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What should a forensic scientist's likelihood ratio be?

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FOSW03 - Statistical Modelling of Scientific Evidence

How should a forensic scientist arrive at a value for the strength of evidence statement that they present to the court? A number of different answers have been proposed.

One proposal is to assign probabilities based on experience and subjective judgement. This appears to be advocated in the Association of Forensic Science Providers (AFSP) 2009 standards, and the 2015 European Network of Forensic Science Institutes (ENFSI) guideline on evaluative reporting. But the warrant for such subjective judgements has been questioned. The 1993 US Supreme Court Daubert ruling and the 2016 report by the President’s Council of Advisors on Science and Technology (PCAST) argue strongly that subjective judgment is not enough, that empirical validation is needed.

If a forensic likelihood ratio is to be based on subjective judgement, it has been proposed that the judgement be empirically calibrated.

The PCAST report proposes a procedure which results in a dichotomous likelihood ratio. The practitioner applies a threshold and declares “match” or “non-match”. If a “match” is declared, the empirically derived correct acceptance  rate and false acceptance rate are also provided (dividing the former by the latter would produce a likelihood ratio). Mutatis mutandis if a “non-match” is declared. This has been criticised for discarding information and thus resulting in poor performance.

The AFSP standards and ENFSI guideline propose the use of ordinal scales – each level on the scale covers a pre-specified range of likelihood ratio values, and has an associated verbal expression. These have been criticised on a number of grounds, including for having arbitrary ranges, for suffering from cliff-edge effects, and for verbal expressions being vague – they will be interpreted differently by different individuals, and differently by the same individual in different contexts.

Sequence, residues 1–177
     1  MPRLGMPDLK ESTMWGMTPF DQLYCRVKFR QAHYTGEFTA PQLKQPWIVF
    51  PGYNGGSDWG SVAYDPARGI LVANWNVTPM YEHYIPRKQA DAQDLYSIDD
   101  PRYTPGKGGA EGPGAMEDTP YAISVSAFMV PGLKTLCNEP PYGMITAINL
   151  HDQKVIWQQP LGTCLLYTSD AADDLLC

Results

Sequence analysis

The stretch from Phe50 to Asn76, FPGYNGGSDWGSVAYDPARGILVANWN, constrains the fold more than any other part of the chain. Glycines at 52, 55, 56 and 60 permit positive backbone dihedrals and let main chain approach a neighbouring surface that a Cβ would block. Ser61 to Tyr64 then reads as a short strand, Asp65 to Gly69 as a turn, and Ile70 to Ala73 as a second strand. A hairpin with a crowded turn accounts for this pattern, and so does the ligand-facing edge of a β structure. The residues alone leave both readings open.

It has also been proposed that numeric likelihood ratios be calculated on the basis of relevant data, quantitative measurements, and statistical models, and that the numeric likelihood ratio output of the statistical model be directly reported as the strength of evidence statement. Such an approach is transparent and replicable, and, relative to procedures based primarily on subjective judgement, it is easier to empirically calibrate and validate under conditions reflecting those of the case under investigation, and it is more resistant to cognitive bias.

Score based procedures first calculate a score which quantifies degree of similarity (or difference) between pairs of objects, then applies a subsequent model which converts scores to likelihood ratios (the second stage can be considered an empirical calibration stage). Scores which only take account of similarity (or difference), however, do not account for typicality with respect the relevant population for the case, and this cannot be corrected at the score to likelihood ratio conversion stage. If a score based procedure is used, the scores should take account of both similarity and typicality.

Numeric likelihood ratios can be calculated in a frequentist manner or a subjectivist Bayesian manner. Philosophically the former is an estimate of a true but unknown value, and the latter is a state of belief, a personal probability. A frequentist will assess the precision of their estimate, whereas a subjectivist Bayesian will have attempted to account for all sources of uncertainty in the assignment of the value of their likelihood ratio (a Bayes factor). The merits of the two approaches are hotly debated (including currently in a virtual special issue in Science & Justice), but if presented with a frequentist point estimate plus degree of precision the trier of fact may decide to use a likelihood ratio closer to 1 than the point estimate (the deviation depending on the degree of precision), and (depending on the prior used) the value of the Bayes factor will be closer to 1 than a frequentist point estimate of a likelihood ratio. Can these be considered to have the same practical result? Which would be preferred by the courts? Can Bayesian procedures with empirical or reference priors be adopted without having to buy in to the subjectivist philosophy? What should a forensic scientist’s likelihood ratio be?

Download presentation slides from: http://geoff-morrison.net/#Newton2016

This talk is part of the Isaac Newton Institute Seminar Series series.

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